dictus Episcopus vel aliquis de suis canonicis residere, nec
    clerus ejusdem dioecesis illuc convenire ad synodum et ad alia
    quae saepius expedirent praefatus episcopus nobis humiliter
    supplicavit ut utilitatibus Rathlurensis Ecclesiae, ac cleri
    ejusdem misericorditer providentes sedem ipsam reduci ad locum
    pristinum Darensem villam videlicet de benignitate Sedis
    Apostolicae faceremus”—(_Mon. Vatic._ pag. 48).

It was also added by Dr. O’Cherballen, that his predecessor, O’Coffy, had
himself been born in Rathlure, and that it was through love for his native
district he had, by his own authority, transferred the episcopal seat from
Derry to Rathlure (illectus natalis soli dulcedine transtulit motu
propriae voluntatis).

The appointed deputies approved of the resolution taken by Bishop
Germanus, and a few years later (1254), in reply to the Chapter of Derry,
the same Pope Innocent IV. thus confirmed this translation of the see:

    “Cum, sicuti ex tenore vestrae petitionis accepimus, sedes
    Anichlucensis(1) Ecclesiae de speciali mandato nostro et assensu
    etiam venerabilis fratris nostri Archiepiscopi Armachani loci
    metropolitani ad Darensem Ecclesiam sit translata, nos vestris
    supplicationibus inclinati translationem hujusmodi, sicut provide
    facta est, et in alicujus praejudicium non redundat, ratam et
    firmam habentes, eam auctoritate Apostolica confirmamus. Datum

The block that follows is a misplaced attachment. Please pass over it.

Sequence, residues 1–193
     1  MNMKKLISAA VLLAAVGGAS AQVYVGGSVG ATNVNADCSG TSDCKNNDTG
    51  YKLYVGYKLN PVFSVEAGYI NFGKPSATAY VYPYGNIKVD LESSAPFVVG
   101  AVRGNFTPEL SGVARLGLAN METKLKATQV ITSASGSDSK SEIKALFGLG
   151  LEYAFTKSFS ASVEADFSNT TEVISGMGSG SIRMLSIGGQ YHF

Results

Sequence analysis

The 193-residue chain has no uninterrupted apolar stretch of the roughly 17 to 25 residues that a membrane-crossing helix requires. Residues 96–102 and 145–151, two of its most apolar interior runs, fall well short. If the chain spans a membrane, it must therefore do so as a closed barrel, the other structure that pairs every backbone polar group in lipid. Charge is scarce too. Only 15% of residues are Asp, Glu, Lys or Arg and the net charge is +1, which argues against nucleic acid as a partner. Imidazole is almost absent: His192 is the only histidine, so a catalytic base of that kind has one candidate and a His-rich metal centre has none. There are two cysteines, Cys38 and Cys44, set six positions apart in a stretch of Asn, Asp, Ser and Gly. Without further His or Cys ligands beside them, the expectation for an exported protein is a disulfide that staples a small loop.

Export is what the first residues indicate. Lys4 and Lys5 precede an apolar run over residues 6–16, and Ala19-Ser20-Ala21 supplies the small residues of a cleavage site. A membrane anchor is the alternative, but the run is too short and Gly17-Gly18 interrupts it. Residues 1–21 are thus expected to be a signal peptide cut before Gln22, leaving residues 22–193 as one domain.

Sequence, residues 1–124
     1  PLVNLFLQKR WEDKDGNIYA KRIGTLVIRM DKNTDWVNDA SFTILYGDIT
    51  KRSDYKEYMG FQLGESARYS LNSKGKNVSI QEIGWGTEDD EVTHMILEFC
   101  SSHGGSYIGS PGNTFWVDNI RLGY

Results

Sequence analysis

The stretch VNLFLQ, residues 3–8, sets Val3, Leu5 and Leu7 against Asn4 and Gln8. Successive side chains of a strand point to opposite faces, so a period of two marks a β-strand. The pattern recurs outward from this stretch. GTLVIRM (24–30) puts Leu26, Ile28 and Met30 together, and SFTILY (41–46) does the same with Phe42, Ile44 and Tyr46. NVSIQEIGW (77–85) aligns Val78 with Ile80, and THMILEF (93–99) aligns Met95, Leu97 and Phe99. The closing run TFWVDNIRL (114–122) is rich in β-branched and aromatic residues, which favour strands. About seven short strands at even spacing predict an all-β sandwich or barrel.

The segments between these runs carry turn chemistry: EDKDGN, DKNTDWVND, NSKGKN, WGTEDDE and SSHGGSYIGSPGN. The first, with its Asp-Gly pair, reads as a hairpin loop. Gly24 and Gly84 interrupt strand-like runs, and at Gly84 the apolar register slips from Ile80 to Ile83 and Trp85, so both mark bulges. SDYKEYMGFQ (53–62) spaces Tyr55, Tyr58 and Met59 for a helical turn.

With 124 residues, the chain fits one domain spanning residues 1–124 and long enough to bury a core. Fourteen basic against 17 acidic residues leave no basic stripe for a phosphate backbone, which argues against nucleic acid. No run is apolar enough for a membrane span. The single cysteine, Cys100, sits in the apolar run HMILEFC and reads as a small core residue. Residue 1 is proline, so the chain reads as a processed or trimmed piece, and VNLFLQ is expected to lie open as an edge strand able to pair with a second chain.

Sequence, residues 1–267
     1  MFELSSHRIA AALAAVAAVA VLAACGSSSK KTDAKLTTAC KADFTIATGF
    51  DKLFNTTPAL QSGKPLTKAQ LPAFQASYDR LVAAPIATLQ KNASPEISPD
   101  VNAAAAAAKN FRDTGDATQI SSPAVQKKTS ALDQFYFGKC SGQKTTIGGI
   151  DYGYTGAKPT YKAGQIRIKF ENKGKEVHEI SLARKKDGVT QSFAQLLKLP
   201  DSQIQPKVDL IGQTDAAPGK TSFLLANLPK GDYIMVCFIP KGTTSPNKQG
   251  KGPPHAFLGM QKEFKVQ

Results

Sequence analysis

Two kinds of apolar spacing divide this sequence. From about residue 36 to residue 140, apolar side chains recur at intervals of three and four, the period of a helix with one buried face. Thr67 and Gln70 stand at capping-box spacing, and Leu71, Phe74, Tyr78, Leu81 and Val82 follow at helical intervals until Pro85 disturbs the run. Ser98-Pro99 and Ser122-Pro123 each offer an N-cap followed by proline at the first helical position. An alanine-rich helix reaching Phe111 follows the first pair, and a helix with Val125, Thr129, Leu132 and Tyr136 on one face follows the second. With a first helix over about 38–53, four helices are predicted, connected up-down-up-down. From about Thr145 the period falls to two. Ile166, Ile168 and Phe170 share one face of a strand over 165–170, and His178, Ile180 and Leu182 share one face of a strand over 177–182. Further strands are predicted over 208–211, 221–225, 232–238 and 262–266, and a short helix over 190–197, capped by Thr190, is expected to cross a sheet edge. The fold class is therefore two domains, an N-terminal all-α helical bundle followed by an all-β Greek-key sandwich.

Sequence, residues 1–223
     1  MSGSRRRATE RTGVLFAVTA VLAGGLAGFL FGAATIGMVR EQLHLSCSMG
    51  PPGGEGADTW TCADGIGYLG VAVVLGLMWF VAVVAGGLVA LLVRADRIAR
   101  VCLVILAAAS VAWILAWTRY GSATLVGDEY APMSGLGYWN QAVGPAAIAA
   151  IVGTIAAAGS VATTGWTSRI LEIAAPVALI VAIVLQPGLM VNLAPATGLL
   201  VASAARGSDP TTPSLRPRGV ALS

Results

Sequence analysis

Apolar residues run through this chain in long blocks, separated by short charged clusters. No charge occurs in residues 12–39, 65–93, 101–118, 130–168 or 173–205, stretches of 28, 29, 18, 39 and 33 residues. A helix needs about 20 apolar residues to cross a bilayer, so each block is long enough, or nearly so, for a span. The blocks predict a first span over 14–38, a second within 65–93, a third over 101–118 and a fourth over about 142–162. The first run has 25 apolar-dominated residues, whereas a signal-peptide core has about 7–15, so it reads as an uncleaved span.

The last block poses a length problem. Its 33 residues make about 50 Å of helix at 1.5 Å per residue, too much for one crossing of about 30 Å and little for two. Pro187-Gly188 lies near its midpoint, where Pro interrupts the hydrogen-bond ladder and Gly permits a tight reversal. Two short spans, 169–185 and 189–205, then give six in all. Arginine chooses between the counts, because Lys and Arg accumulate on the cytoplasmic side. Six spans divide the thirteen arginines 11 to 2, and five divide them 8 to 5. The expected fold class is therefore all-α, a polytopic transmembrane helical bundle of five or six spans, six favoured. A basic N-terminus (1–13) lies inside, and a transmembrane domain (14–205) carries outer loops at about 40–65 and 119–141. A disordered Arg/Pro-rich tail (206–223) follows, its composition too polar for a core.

Neapoli, secundo Nonas Novembris, Pontificatus nostri anno
    duodecimo”—(_Ibid._, 64).

By a previous letter he had, as early as the first of July in the fourth
year of his pontificate, in anticipation of this translation of the see,
granted to the chapter of the diocese of Derry the same privileges,
indulgences, and other special favours which it had hitherto enjoyed in
Rathlure (_Ib._, pag. 48).

The successor of Bishop Germanus was Florence O’Cherballen, who held the
see from 1279 to 1293. Five other bishops then came in rapid succession.
Henry of Ardagh, from 1294 to 1297; Geoffry Melaghlin, from 1297 to 1315;
Hugh or Odo O’Neal, from 1316 to 1319; Michael Melaghlin, from 1319 to
about 1330; and Maurice, from about 1330 to 1347.

On the death of the last-named bishop, a Dominican, by name Symon, was
appointed by Pope Clement VI. to rule the See of Derry. He had indeed
already been nominated by brief, dated the 5th of the Ides of May, 1347,
to the diocese of Clonmacnoise, but the aged and infirm bishop of that
see, who was reported to have passed to a better life, was not yet
deceased, and hence, on the vacancy of Derry, Bishop Symon was, by brief
of 18th December, 1347, appointed successor of St. Eugene. From the first
brief, which nominated him to Clonmacnoise, we learn that Friar Symon was
Prior of the Dominican fathers of Roscommon, and was remarkable for his
zeal, his literary proficiency, and his manifold virtues. The brief of his
appointment to Derry adds the following particulars:

    “Dudum ad audientiam apostolatus nostri relatione minus vera
    perlata, quod Ecclesia Cluanensis per obitum Venerabilis fratris
    nostri Henrici Episcopi Cluanensis qui in partibus illis
    decessisse dicebatur, vacabat: Nos credentes relationem hujusmodi
    veram esse, de te ordinis fratrum Praedicatorum professore eidem
    Ecclesiae duximus providendum, praeficiendo te illi in Episcopum